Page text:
House Intelligence Chairman Adam Schiff appears to have mischaracterized a text message exchange between two players in the Ukraine saga, according to documents obtained by POLITICO — a possible error the GOP will likely criticize as another example of the Democrats’ rushed effort to impeach President Donald Trump. The issue arose when Schiff (D-Calif.) sent a letter to House Judiciary Chairman Jerry Nadler (D-N.Y.)(Snip) summarizing a trove of evidence from Lev Parnas, (Snip). In one section of the letter, Schiff claims that Parnas “continued to try to arrange a meeting with President Zelensky,” citing a specific text message exchange where Parnas tells Giuliani: “trying to get us mr Z.”

Media in Davos confronts Trump on Greta
Thunberg; his answer makes them and
her look foolish
Posted by Imright — 1/22/2020 1:46:07 PM Post Reply
To hear the media tell it, President Donald Trump “slammed” child climate activist Greta Thunberg during a press conference Wednesday at the World Economic Forum, which is taking place in Davos, Switzerland. To that end, the president commented on Thunberg making the cover of Time before him — in a political maneuver, the child activist was named Time Magazine’s ‘Person of the Year’ in 2019.In his opening address at the annual meeting, the president warned the assembly about the hysteria over climate change, saying alarmists are “radical socialists,” the Washington Examiner reported.

________

All from Lucianne.com all at around the same time.

Why is Robert Skidelsky speaking at Mont Pelerin??

I’m off to the regional meeting of the Mont Pelerin Society in Palo Alto which is the meeting of the remnants of the last few remaining supporters of market economies not only as the means to prosperity, but also as a necessary element in the preservation of political freedom.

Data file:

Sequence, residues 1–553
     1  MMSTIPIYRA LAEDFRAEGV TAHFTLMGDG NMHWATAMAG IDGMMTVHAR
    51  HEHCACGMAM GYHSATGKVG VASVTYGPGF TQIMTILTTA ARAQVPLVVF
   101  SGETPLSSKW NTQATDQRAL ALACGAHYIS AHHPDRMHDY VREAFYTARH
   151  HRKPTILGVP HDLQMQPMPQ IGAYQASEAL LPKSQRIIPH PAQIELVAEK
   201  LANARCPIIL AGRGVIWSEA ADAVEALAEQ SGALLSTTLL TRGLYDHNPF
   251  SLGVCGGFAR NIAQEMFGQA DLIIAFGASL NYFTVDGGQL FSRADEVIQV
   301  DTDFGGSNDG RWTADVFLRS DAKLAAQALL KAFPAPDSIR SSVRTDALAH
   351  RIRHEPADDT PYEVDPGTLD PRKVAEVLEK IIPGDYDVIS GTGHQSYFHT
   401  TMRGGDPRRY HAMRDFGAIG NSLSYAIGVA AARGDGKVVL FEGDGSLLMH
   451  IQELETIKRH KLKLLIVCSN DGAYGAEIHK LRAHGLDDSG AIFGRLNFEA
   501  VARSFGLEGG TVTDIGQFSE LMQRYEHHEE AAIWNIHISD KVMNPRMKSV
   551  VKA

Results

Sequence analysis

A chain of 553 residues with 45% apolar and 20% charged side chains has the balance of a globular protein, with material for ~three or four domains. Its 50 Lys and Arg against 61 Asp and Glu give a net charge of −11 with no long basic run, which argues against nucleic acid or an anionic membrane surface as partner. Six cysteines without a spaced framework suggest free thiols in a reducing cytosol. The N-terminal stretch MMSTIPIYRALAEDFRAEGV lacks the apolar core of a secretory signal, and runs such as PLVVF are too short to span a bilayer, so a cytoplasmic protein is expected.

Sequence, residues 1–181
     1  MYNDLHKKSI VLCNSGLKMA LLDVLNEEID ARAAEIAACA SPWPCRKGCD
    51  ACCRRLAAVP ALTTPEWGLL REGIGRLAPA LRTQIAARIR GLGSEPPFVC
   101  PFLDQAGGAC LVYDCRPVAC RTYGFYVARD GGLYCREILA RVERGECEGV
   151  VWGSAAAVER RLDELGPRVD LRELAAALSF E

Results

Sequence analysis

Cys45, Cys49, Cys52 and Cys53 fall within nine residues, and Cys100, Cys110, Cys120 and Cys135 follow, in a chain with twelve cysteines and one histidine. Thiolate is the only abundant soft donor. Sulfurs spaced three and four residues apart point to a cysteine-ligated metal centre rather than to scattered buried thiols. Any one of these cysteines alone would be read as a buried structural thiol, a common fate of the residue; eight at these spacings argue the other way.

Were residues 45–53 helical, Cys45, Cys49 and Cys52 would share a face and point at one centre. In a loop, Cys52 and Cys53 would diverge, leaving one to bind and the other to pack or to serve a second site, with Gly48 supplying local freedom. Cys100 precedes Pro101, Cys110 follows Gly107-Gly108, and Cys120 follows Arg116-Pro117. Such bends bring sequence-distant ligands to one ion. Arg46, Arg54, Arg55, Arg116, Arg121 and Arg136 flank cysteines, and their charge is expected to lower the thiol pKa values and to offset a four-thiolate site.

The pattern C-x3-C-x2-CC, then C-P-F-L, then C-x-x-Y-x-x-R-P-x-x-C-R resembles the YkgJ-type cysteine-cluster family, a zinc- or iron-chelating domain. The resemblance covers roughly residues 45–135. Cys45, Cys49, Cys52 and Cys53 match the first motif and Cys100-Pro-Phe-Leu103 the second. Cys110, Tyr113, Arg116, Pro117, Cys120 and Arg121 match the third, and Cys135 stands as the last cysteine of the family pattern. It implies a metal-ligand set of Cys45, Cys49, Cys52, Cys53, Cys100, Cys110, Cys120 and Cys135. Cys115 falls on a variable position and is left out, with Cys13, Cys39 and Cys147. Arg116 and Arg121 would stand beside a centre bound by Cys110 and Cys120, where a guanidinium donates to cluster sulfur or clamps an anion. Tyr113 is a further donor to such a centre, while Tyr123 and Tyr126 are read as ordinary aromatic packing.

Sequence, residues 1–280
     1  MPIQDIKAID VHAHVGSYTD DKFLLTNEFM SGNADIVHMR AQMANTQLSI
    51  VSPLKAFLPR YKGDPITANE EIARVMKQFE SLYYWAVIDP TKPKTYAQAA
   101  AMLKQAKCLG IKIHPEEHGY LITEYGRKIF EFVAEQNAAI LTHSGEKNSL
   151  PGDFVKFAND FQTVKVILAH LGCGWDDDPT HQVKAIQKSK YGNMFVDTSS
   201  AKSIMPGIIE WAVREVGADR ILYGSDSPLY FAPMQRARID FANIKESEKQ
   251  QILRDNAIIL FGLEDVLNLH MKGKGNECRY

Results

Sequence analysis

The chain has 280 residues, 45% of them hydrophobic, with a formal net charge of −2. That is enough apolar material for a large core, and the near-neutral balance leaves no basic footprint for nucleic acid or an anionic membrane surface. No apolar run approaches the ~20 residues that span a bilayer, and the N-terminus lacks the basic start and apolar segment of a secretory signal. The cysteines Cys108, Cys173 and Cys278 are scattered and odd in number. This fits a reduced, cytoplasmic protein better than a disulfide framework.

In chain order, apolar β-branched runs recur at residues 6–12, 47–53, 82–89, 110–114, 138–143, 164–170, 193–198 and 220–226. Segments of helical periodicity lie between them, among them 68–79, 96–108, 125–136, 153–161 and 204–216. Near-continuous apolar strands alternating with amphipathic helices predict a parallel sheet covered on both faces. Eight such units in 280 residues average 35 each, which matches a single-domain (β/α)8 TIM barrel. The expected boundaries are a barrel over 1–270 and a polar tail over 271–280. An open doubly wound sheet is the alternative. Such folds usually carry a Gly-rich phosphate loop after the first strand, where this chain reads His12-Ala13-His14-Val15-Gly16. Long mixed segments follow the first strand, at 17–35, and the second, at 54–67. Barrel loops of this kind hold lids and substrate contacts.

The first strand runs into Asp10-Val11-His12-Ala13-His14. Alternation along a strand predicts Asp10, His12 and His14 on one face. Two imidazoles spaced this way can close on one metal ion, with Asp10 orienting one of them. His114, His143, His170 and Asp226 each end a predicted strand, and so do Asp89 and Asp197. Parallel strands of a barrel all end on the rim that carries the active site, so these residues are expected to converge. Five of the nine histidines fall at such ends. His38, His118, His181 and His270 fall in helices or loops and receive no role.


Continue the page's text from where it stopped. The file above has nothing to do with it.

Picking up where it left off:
So imagine my astonishment to see this as one of the sessions being on offer:

1:15 pm – 2:30 pm Lessons Learned from History for the Future of Freedom
Gabriel Calzada, Universidad Francisco Marroquín (Chair)
Victor Davis Hanson, Hoover Institution
Amity Shlaes, Calvin Coolidge Presidential Foundation
Robert Skidelsky, Warwick University

This is from Robert Skidelsky’s Wikipedia page:

In September 2015, Skidelsky endorsed Jeremy Corbyn’s campaign in the Labour Party leadership election, writing in The Guardian: “Corbyn should be praised, not castigated, for bringing to public attention these serious issues concerning the role of the state and the best ways to finance its activities. The fact that he is dismissed for doing so illustrates the dangerous complacency of today’s political elites. Millions in Europe rightly feel that the current economic order fails to serve their interests. What will they do if their protests are simply ignored?”